My relationship model is different. I adore romantic relationships, so I use romance as my model. That first meeting with the editorial writer… it’s like a blind date, only you’ve decided beforehand you are going to marry this fellow. You are going to be sweet and interesting, but not too intense…. If it doesn’t work out with the editor, you are going to marry one of his friends at the newspaper – the business editor, environmental writer, or city editor. Someone at this paper will find you interesting and compelling – it’s just a matter of being persistent until you find the right connection.


In most political dialogues, the assumed goal is to persuade the other side that you are right and they are wrong. Rejecting that model, I am offering a 2-tiered approach in which an initial relational focus (Level 1) sets the stage for more specific policy discussions (Level 2).

Level 1: The political conversation we are seeking to encourage would have, as its initial goal, a better understanding of the wide variety of ways in which well intentioned people can translate their values and, with them, their hopes and dreams into public policy perspectives and specific programmatic positions.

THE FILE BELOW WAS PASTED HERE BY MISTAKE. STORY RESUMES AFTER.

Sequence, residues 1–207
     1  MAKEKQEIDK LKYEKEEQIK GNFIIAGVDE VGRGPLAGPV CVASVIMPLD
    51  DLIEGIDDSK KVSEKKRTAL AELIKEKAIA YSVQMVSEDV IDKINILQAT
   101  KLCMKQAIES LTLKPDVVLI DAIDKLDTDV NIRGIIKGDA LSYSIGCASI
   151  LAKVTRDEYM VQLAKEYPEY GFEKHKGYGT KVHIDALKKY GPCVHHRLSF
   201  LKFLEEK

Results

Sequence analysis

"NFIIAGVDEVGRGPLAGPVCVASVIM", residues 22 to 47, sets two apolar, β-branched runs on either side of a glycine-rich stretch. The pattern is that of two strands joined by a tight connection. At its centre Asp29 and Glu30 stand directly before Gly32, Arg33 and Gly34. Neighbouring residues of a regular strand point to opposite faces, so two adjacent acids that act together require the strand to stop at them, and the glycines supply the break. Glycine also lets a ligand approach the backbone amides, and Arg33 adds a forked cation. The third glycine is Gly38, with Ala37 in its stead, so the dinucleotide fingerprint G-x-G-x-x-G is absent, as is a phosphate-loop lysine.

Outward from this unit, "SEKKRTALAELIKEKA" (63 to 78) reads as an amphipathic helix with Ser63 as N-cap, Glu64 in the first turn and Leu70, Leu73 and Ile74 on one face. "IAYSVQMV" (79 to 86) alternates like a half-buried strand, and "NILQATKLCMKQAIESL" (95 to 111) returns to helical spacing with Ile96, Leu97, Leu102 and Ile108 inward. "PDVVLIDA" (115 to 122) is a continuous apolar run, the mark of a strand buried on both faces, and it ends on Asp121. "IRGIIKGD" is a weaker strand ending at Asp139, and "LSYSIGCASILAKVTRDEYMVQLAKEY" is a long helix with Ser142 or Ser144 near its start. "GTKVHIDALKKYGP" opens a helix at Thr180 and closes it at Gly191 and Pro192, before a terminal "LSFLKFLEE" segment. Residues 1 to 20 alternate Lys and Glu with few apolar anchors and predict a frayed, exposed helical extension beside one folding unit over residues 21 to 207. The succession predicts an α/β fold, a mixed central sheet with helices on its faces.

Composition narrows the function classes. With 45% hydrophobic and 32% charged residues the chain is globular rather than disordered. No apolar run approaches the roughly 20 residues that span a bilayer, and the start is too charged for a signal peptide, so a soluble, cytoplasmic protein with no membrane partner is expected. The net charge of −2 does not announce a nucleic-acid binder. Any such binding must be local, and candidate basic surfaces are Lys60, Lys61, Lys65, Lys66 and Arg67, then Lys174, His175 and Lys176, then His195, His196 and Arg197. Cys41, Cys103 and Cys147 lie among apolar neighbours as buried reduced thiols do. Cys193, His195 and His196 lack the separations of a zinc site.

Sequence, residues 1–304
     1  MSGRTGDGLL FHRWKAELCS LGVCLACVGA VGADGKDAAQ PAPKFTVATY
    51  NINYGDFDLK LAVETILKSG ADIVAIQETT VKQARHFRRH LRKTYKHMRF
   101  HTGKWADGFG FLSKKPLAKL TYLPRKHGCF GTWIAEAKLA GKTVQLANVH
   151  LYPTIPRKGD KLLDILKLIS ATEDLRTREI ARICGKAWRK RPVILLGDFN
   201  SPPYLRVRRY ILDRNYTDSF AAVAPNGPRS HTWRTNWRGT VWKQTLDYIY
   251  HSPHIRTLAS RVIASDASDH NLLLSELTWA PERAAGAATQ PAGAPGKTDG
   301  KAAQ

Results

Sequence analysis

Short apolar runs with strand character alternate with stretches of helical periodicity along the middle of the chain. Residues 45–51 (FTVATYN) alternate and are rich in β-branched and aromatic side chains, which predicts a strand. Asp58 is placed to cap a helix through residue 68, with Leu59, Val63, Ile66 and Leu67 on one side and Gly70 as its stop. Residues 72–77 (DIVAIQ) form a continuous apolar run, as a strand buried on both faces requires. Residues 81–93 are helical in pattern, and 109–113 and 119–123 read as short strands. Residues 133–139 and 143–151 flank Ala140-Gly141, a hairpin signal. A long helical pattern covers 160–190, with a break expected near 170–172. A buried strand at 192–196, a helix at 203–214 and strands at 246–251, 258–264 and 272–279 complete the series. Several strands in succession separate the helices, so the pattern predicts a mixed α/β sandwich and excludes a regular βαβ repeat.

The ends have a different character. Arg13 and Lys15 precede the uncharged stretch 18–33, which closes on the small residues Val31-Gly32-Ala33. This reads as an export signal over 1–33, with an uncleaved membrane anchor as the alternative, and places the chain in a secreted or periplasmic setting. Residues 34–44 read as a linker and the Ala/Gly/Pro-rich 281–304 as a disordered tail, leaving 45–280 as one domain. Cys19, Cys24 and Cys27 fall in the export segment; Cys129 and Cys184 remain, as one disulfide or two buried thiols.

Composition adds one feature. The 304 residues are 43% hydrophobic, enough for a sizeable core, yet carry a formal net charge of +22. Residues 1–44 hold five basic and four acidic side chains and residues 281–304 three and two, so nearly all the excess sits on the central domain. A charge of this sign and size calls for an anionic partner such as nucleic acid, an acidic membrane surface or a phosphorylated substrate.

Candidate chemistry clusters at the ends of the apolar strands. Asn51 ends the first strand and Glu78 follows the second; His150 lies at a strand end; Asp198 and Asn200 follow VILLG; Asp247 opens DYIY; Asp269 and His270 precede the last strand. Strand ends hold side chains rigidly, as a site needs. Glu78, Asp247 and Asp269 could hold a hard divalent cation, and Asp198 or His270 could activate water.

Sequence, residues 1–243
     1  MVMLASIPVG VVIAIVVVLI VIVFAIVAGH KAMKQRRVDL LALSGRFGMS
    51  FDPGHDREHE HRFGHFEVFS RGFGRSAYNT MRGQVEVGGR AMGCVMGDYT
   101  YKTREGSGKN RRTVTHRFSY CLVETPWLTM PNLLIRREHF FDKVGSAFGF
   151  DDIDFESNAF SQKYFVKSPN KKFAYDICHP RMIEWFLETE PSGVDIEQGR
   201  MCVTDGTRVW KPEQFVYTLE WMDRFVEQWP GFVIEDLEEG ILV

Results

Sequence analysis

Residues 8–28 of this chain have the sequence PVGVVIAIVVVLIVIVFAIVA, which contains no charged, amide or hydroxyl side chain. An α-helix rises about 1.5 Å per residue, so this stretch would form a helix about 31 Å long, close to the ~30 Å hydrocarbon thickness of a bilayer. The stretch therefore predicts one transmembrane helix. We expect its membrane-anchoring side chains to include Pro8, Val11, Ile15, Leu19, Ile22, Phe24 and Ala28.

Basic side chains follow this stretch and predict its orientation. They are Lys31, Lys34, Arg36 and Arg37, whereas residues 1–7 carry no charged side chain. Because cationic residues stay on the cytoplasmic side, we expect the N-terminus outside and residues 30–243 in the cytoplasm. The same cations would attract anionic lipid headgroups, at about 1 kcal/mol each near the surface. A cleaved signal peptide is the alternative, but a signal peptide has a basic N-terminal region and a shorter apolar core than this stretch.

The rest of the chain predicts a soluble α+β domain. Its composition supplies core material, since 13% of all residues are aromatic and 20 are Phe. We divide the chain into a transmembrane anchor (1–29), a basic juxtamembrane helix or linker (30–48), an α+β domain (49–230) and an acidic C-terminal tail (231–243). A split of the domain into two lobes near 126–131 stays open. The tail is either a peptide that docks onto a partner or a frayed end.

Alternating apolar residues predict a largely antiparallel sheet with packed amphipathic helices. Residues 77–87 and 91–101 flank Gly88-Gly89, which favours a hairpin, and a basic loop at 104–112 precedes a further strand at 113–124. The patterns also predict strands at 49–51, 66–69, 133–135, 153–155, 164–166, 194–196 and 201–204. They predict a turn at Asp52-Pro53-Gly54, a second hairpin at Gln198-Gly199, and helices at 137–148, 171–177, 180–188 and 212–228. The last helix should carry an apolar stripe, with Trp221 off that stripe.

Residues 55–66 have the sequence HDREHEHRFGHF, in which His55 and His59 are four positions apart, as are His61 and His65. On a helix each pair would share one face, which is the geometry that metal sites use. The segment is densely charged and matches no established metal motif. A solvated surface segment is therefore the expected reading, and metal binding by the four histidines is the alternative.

In the course of this dialogue, participating political partisans would, it is hoped, deepen their respect and understanding for what the “other side” is about and develop an increased sense of empathy, acceptance and, even, respect and appreciation for people with whom they disagree.

Level 2: As Level 1 takes hold and deepens, the hope is that participants would be able to coalesce around currently less obvious policy initiatives, in one or more area, which express their shared values and, at the same time, are sensitive to the diverse policy and value perspectives, shared in their Level 1 discussion.

Note, importantly, that Level 2 is a very ambitious goal. Success does not depend on reaching this Level. A meaningful Level 1 dialogue, without more, would be a very positive result.